Port Hedland

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Desert Skies

 

Entering into a different world,

So very dry and dusty, yet tropical and unfurled,


 

Skies as big as eyes,

And palm leaves that leave you curled,


 

Figuring it all out is just another quiz,

Bearing the answers of a why?,


 

There is peace here too,

Beyond the disturbance of a sigh,


 

And everything is once again anew,

As your eyes open to the colour and the hue. 

 

30-1-12  A new locum emergency job, and new location. Today was my first day working in the Port Headland emergency department, a part of the world that I have never before been. I left Sydney in a rush as I tried to finish my PhD outline late the night before, leaving the house without my jacket – but where I was headed I wouldn’t be needing that. Jumping on the plane was as exciting as it was scary! Even from the moment I was boarding the plane I noticed things were different – such as the fact that more than 50% of the aircraft passengers were wearing uniforms with that were either orange or yellow with reflector patches! 

The Port Headland hospital is a really nice place to work I sensed this from the first moment I was orientated (*being orientated formally in an emergency medicine job is a luxury, so today I felt very lucky!). The first day of any job is always a huge stress because in emergency medicine one of the key elements of practicing emergency medicine relies upon knowing how the local systems work, what to do by oneself, and  when to call for help, and how to call! In other words it’s about knowing the culture of local practice in that department and that particular hospital. Learning cultures takes time and when you are in a high pressured environment it is natural to want to feel like “I wish I just knew how to do things faster”! What is comforting to know is that almost everyone faces this same learning curve when they start in a new place, so we are not alone!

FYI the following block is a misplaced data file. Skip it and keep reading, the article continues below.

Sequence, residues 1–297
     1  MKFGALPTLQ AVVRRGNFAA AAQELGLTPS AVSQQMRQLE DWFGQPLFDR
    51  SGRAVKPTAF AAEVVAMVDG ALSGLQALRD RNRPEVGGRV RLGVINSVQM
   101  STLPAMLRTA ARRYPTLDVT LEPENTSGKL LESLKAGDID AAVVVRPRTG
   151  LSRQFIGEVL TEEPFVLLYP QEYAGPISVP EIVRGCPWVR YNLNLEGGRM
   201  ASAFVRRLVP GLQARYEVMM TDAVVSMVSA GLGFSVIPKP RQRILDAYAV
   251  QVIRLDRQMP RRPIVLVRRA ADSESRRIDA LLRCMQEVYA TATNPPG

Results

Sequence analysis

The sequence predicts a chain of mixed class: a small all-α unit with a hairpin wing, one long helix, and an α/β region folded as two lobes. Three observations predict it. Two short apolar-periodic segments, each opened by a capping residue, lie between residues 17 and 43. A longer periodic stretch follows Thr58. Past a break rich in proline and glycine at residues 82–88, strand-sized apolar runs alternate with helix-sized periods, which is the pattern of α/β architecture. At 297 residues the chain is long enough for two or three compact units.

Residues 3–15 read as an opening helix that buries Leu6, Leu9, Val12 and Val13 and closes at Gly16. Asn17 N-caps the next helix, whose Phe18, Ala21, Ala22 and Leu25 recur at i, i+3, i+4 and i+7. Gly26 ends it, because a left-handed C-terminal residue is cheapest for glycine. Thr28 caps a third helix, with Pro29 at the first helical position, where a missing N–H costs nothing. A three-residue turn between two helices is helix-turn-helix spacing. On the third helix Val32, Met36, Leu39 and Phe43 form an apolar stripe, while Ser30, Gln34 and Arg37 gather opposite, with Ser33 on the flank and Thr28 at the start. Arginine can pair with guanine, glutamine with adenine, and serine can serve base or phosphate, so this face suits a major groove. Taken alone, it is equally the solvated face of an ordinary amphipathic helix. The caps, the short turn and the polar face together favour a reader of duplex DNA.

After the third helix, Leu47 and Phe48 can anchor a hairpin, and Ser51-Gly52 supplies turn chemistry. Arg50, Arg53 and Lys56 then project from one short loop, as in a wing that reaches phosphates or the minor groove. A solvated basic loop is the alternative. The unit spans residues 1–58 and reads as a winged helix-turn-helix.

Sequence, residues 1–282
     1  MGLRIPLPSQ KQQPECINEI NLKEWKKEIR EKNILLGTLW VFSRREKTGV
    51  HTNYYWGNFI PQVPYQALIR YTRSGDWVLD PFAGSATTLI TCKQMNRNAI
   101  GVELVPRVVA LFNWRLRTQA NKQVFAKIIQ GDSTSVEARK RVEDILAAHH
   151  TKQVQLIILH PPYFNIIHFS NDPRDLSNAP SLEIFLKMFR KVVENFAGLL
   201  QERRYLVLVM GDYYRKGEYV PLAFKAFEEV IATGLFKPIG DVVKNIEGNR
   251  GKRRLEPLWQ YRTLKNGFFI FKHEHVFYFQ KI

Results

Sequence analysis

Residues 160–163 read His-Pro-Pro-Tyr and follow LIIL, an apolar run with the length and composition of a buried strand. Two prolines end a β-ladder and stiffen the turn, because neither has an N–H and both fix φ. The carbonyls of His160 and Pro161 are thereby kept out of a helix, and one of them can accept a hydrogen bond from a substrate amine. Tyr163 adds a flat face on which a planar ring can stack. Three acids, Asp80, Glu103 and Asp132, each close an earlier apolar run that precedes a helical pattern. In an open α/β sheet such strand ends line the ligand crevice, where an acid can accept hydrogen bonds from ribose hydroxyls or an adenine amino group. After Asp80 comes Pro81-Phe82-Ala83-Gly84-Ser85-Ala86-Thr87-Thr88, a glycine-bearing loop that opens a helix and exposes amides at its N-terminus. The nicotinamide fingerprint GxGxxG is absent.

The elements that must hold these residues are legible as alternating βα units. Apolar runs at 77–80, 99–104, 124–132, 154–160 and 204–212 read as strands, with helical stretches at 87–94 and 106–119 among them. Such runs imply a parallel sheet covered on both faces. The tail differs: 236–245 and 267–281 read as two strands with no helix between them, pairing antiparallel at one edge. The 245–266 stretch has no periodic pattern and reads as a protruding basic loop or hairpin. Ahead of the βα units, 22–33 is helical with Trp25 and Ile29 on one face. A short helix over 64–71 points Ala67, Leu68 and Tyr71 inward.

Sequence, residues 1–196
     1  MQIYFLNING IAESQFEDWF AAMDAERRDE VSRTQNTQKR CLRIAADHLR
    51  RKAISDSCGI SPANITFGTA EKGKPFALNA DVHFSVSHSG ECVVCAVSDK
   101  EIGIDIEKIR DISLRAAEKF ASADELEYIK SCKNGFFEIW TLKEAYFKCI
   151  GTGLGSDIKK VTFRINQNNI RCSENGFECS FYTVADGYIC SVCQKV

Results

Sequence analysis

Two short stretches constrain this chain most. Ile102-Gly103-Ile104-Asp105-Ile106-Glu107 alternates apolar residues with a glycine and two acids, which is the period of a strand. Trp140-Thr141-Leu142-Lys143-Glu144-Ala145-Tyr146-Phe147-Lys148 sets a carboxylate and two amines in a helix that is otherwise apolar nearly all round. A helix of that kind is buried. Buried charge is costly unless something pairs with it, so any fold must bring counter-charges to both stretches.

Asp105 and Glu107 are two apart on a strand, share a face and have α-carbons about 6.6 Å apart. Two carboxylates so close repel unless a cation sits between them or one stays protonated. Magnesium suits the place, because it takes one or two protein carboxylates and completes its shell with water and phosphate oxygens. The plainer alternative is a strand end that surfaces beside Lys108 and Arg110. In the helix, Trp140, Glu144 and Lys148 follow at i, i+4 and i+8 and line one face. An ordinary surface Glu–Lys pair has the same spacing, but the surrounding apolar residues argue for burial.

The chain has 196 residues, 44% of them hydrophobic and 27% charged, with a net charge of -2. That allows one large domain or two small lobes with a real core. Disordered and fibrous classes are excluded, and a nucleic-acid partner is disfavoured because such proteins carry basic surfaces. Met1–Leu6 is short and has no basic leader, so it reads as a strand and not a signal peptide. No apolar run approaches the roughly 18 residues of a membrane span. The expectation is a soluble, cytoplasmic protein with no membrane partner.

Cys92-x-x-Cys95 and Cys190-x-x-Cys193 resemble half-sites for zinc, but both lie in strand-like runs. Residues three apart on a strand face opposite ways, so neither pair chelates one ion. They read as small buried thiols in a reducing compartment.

Another other great challenge of first day on a new locum is to do with making diagnoses in populations that you don’t yet understand. This is something I learned from my supervisors in Toxicology, one of the key clues to the diagnosis lies in knowing what types of poisoning are prevalent in the particular community where you are working (eg a semi-conscious 28yo male coming in with pin-point pupils is opiate toxicity until proven otherwise if your hospital is next to Kings Cross, but in Rural Sri Lanka it’s more likely to be organophosphorus poisoning!).

Port Headland has a large aboriginal population and today I felt like I was in a different world – ie I encountered more aboriginal patients in one day that I have in my whole career put together. This is quite Ironic given that I have practiced medicine in Australia for over a year but this has been in Eastern Suburbs Sydney, and before that North Sydney. It was so challenging for me to treating the aboriginal people, as I there was a culture that I am still learning to understand and I’m looking forward to learning more by working in this region.  I remember when I was in rural Sri Lanka, it was in learning the culture of the villagers who made up the majority of the patients that was the key to being able to deliver service.

Well I guess it’s time to sleep – I’ve got another shift tomorrow and got to do a teaching session on one of my favourite topics – organophosphorus poising! 

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How Blessed we are!

 

How blessed we are.

We can see things with both eyes.

We can hear sounds with both ears.

We can carry things with both arms.

We can walk with both legs.

Even if you are given millions of dollars,

There is no one that would want to give away these rights.

 

 

How blessed we are.

We can breathe with our lungs without thinking.

Our heart is beating without resting even for a minute.

It is so wonderful to be able to

Think with our brains

And store it as memory.